About this Website
Kensington Remembers is a digital humanities project, which means it utilizes digital media to create and make accessible to the public both the process and the results of research. The research project behind KR is inter-disciplinary and place-based. Taking a communication perspective, this project utilizes visual ethnographic, urban geographic, and media-anthropological methods to find, document, study, and preserve vernacular memorial sites in Kensington and other North Philadelphia neighborhoods.
This project explores questions about place-making, collective memory, and urban media:
- Why do these memorials appear where they do, when they do, and in the specific way they do?
- How are urban media being used to construct shared memory and make public spaces meaningful?
- What do these memorials have in common with–and how do they differ from–other, official forms of collective memory?
- How are economic, political, and social forces impacting vernacular memory and the people who create and participate in it?
- What can we learn about life and culture in the city of Philadelphia from these and other forms of vernacular culture?
digital scholarship team
Gordon Coonfield, Ph.D. (Michigan Tech, 2003) is an Associate Professor of Communication at Villanova University. He is the lead investigator and Project Director for the Kensington Remembers website. He is also to blame for the photography, the blog posts, and any questionable design choices on the site. His current research and teaching focus on visual culture, urban media, and collective memory from a “communication perspective.” In addition to creating and maintaining this site, he hosts, Fovea, a podcast on visual media. While his job is in the suburbs, his home is in the Kensington section of Philadelphia.
Erica Hayes is a Digital Scholarship Librarian at Villanova University, where she leads Falvey Memorial Library’s Digital Scholarship Program and supports faculty and students with integrating digital methods and tools into their research. Which is exactly what she has done (and hopefully continues to do!) in this case. In addition to finding and adapting the underlying code on which the map portion of the site is based, Erica supported many aspects of the development and design for this project. Her research interests include digital pedagogy, digital humanities, scholarly communication, women studies and material culture. View her upcoming presentations, publications, and current and past projects on Humanities Commons.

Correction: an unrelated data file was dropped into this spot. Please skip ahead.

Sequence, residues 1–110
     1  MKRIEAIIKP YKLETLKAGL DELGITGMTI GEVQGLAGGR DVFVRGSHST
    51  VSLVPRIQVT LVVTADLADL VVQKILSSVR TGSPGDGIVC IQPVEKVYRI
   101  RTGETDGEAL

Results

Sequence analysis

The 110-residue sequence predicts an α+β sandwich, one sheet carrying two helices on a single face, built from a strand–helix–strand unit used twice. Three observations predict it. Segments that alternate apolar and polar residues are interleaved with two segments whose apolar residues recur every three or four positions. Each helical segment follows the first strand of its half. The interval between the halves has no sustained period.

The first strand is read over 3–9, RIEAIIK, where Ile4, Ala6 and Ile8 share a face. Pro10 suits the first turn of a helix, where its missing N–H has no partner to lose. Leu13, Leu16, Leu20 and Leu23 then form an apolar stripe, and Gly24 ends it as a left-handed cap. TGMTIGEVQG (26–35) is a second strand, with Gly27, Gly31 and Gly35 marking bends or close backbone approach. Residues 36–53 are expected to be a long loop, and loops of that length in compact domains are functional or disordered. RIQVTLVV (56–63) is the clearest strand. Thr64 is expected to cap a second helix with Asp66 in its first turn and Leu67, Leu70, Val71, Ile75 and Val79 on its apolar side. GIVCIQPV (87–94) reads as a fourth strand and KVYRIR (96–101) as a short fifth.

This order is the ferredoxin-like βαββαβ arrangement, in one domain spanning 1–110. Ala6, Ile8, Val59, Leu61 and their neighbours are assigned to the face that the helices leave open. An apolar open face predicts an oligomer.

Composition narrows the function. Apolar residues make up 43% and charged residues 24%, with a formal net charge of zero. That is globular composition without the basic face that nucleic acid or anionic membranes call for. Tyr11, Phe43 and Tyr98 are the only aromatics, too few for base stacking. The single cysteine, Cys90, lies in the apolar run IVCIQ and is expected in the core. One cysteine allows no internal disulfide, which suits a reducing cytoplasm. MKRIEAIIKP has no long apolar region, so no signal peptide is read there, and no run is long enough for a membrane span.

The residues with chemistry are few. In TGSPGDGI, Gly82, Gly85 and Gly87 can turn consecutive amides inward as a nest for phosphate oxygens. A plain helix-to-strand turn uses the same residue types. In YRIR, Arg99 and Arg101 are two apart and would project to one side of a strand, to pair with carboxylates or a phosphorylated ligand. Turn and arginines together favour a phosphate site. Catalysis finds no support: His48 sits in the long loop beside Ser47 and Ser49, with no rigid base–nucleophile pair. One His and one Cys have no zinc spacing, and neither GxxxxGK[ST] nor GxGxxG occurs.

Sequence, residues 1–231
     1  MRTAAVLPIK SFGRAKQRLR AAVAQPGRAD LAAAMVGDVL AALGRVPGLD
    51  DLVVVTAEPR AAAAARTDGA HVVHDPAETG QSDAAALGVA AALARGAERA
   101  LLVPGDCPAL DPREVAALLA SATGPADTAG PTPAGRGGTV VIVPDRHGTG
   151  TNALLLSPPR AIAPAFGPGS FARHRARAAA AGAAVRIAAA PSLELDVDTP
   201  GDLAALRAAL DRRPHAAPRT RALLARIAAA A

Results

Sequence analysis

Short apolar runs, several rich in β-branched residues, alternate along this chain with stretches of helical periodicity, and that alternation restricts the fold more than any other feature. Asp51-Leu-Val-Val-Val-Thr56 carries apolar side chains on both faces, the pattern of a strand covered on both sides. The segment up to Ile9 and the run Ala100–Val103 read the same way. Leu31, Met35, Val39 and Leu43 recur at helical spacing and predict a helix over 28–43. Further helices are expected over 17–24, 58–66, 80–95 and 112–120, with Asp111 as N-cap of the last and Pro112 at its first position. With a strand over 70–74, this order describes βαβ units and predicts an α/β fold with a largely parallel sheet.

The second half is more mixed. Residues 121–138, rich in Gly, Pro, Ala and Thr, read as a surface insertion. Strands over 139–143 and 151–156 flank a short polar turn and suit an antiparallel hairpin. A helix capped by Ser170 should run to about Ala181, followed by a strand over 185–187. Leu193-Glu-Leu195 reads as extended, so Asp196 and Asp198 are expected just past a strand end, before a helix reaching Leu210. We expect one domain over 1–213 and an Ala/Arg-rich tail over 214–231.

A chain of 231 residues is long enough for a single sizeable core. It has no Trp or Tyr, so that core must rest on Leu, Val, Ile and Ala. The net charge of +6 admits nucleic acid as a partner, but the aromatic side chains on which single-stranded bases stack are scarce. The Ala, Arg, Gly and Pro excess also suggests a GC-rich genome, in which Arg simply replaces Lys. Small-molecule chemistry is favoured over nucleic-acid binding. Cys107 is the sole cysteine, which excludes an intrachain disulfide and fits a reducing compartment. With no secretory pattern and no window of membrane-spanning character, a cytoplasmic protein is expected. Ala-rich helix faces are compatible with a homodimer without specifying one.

James Parente is a teaching professor at Villanova University, as well as a designer and animator. He is responsible for the logo designs, prototyping, and for setting up this website.
David Uspal is a Library Technology Developer for Falvey Memorial Library at Villanova University. He is responsible for the Library’s online presence – including Falvey Library’s websites, catalogs, digital libraries, journals and other online systems. In addition, David frequently contributes to the broader library community through participation in open source and digital scholarship projects like Kensington Remembers. David is responsible for the ongoing maintenance and backup of this project’s map data.
Cheyenne Zaremba is a Masters student in the graduate program in Communication at Villanova University. She worked on drafting and copy editing in addition to supporting archival research on some of the memorials. Her own research interests concern death culture, end-of-life communication, and critical studies of social justice issues.
I am grateful to Michele Gandy and the Department of Geography and the Environment at Villanova University for advice, training, and technical support for ArcGIS Online.
for protection of human subjects by the Institutional Review Board of Villanova University (IRB-FY-2018-214 and IRB-FY-2020-231). You can contact the research team at any time by clicking on the contact link at the top and bottom of every page on this site. In addition, you can read this FAQ about the project’s aims and any potential risks. If you have questions, concerns or complaints about the conduct of the researchers which have not been addressed by the research team, you can talk to the Institutional Review Board by calling (610) 519-4220 or sending an email to firstname.lastname@example.org.